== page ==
The minutes rolled past and the Ranger let her eyes fall shut, focusing on keeping her breathing calm. The forest and her friend's company worked to slowly leech her rage away, leaving a cold pit of anxiety in its place. She did not want to think such things of Bilbo and Fortinbras. She did not. Gilraen discretely lifted her sleeve to wipe the gathering moisture from her eyes.

Intellectually, she knew that there was nothing stopping her from marching back to where the hobbits were and demanding the true reason why Bilbo had kept this from them. But - she feared the answer. And if she knew Arathorn at all, he felt the same. After all, Captain Galador had been their mentor, not so long ago. And if he was capable of such betrayal...

A hand gripped Gilraen's shoulder then and she looked towards its owner. Arathorn met her eyes, though he had to blink many times to hold the watering of his own at bay.

"We are alive, and whole," her old friend said. "Surely that counts for something." He took a deep breath before slowly exhaling. "Bounders are not like Rangers, and hobbits are not Dunedain. They knew nothing of units when they joined ours, and they know but a little now." Arathorn's voice was rueful as he spoke.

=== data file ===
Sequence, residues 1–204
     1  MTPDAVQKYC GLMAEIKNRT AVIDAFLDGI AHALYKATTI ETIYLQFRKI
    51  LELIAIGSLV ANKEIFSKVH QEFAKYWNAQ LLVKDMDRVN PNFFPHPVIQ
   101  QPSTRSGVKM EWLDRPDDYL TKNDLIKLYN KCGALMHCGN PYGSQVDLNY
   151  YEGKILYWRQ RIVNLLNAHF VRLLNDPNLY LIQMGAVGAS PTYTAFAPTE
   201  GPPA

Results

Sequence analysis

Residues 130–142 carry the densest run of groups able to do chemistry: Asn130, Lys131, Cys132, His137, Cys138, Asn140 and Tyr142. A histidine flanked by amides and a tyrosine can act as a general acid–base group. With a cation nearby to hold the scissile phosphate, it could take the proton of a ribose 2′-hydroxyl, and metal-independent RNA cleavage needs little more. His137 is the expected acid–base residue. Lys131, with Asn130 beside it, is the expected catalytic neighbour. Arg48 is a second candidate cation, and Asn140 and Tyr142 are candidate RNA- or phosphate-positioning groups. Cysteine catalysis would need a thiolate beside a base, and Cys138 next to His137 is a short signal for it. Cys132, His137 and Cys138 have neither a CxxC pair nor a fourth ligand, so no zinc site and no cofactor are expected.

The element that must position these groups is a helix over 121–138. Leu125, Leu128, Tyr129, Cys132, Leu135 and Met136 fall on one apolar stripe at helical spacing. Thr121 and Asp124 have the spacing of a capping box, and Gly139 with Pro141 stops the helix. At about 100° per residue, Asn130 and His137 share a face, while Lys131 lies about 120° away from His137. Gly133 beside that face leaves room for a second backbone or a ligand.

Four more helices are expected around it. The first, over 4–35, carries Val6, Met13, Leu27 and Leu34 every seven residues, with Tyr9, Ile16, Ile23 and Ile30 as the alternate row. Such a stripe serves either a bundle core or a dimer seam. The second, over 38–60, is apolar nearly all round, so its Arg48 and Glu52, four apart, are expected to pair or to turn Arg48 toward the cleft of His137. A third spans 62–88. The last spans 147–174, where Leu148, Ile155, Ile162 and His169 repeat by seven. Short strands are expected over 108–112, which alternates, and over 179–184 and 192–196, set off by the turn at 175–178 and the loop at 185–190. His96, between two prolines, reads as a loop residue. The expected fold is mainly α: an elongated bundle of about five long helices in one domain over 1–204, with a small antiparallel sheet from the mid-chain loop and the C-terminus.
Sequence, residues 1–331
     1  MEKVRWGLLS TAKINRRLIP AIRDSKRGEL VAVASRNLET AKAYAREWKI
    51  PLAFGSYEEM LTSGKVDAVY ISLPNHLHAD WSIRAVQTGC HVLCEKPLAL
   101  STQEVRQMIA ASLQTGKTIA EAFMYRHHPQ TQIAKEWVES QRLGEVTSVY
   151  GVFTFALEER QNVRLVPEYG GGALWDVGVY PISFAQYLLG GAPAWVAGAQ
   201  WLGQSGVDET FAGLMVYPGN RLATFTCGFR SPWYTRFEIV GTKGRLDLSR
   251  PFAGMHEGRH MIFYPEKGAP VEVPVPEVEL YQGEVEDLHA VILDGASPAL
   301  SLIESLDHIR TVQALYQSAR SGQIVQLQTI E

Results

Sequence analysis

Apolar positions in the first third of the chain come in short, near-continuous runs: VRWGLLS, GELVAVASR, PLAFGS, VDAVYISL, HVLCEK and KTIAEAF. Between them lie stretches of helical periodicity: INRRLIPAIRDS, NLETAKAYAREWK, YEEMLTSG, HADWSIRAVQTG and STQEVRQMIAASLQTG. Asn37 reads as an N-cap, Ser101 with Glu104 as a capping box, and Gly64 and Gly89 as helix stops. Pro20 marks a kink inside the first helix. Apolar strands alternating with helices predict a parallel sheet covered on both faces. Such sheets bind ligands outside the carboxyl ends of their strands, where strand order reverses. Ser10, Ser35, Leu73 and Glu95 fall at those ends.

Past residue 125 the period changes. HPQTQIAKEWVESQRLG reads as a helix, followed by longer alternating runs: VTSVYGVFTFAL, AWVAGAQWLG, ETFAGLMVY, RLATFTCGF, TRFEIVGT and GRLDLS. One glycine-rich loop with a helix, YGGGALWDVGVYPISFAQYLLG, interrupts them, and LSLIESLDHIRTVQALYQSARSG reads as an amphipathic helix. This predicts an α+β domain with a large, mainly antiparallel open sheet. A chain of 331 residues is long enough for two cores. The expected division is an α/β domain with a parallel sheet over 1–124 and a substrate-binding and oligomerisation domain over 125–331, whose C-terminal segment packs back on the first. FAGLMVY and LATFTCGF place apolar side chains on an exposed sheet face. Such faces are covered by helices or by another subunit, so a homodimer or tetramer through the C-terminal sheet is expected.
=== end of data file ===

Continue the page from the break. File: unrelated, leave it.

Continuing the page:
"Are you saying that you...?" Gilraen prompted, her voice trailing off.

Arathorn shook his head. "I still quite angry with them, but... perhaps..." He swallowed. "If they truly did not know of the coup - I do not see why - we - would not have told Bilbo of the matter, though I could say the same of the Ranger way of operating in a unit. I suppose our group would have been parted after the invasion was routed, but..." but they still would have kept in contact, in letter if by nothing else, he did not say.

"Perhaps it came to nothing, without either of us having known of it," Gilraen said uneasily. Of course, if Bilbo truly had been ignorant of the matter, it could have also been because...

Well. As certain as death was to a mortal, one did not often like to think on the matter at length. Particularly when the deaths in question involved oneself and one's closest friend. Gilraen was no different.

Arathorn slowly shook his head. "I do not see how our presence or absence would affect matters in such a way," he said.

They were silent for a long moment. Whatever the answer to that particular question might have been, it was probably better not to ask about it. Better to focus on something else.